MR52 5ghz radiation pattern

SOLVED
RumorConsumer
Head in the Cloud

MR52 5ghz radiation pattern

Hello - I’m trying to make sense of the radiation pattern on the MR52. 

https://meraki.cisco.com/product-collateral/mr52-datasheet/?file

 

if you scroll all the way to the bottom in the 5ghz section you’ll see the figure in the bottom left shows a pattern with a measurement of 5 as the edge of the signal coming off the top of the unit. The second middle one is front to back and only goes to 0. Does this mean that if the MR52 were suspended in space I would get a further reaching signal if I were directly above it versus directly in front of its broad side?

Networking geek since high school where I got half of a CCNA. Played Marathon II and Infinity over localtalk.
Made many a network over the years, now de facto admin of a retreat center with some of this fine Meraki hardware.
Fortune 100 Tech veteran/refugee.
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Accepted Solutions
Bruce
Kind of a big deal

Re: MR52 5ghz radiation pattern

Yep, the Meraki wireless APs radiation patterns (for the internal antennas) are basically spherical - with a few small bumps here and there. Hence why you can happily mount them either on a ceiling, or on a wall, with very little difference (other than the obvious impact of the signal passing through the wall).

 

Compare this with the Cisco APs where they essentially create more of a blob/doughnut shape (okay, there are some exceptions) below the access point (assuming the AP is ceiling mounted). And hence why Cisco generally recommend not to wall mount the Cisco APs with internal antennas.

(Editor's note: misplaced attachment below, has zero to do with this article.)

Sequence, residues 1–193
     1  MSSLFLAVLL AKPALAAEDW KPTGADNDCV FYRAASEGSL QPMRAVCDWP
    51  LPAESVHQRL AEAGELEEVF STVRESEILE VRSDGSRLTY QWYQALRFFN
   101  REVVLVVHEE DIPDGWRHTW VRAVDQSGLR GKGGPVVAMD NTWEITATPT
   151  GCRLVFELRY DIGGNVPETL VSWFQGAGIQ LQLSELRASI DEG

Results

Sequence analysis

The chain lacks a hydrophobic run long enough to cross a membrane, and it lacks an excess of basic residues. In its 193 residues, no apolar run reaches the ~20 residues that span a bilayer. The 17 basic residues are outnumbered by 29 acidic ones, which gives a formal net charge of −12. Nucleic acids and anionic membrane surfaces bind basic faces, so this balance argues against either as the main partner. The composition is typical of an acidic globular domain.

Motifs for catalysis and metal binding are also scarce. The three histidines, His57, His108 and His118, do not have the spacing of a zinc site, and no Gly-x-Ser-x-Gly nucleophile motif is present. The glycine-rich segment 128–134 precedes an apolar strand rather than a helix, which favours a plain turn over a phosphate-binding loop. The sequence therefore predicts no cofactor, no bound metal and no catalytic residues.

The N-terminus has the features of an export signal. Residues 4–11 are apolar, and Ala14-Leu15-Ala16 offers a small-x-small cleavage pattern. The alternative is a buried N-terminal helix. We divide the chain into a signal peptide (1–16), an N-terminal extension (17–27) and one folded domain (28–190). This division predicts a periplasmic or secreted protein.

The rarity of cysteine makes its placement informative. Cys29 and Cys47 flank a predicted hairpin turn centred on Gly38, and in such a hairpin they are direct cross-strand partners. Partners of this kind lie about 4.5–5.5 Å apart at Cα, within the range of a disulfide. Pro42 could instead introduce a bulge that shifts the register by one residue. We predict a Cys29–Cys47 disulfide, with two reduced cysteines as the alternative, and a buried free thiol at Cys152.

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3 REPLIES 3
Bruce
Kind of a big deal

Re: MR52 5ghz radiation pattern

Not sure where you are looking, but the markings on those radiation patterns are 10 at the edge of the radial, then 0, -10 and -20 moving back to the centre of the diagram. On the bottom left diagram the line goes right through the middle of the 0, so in that direction (90 degrees) the antenna gain is 0dB. In the middle diagram the gain at 90 degrees is about -1dB (or thereabouts). 

 

Your statement is correct regarding the signal being stronger above it, than directly in front of it if it was suspended in space in the same orientation as if it was wall mounted, but 1dB isn't going to make a huge difference. 

RumorConsumer
Head in the Cloud

Re: MR52 5ghz radiation pattern

That’s helpful. So to your reading it’s basically the same power in both directions - above and in front?

Networking geek since high school where I got half of a CCNA. Played Marathon II and Infinity over localtalk.
Made many a network over the years, now de facto admin of a retreat center with some of this fine Meraki hardware.
Fortune 100 Tech veteran/refugee.
Bruce
Kind of a big deal

Re: MR52 5ghz radiation pattern

Yep, the Meraki wireless APs radiation patterns (for the internal antennas) are basically spherical - with a few small bumps here and there. Hence why you can happily mount them either on a ceiling, or on a wall, with very little difference (other than the obvious impact of the signal passing through the wall).

 

Compare this with the Cisco APs where they essentially create more of a blob/doughnut shape (okay, there are some exceptions) below the access point (assuming the AP is ceiling mounted). And hence why Cisco generally recommend not to wall mount the Cisco APs with internal antennas.

View solution in original post

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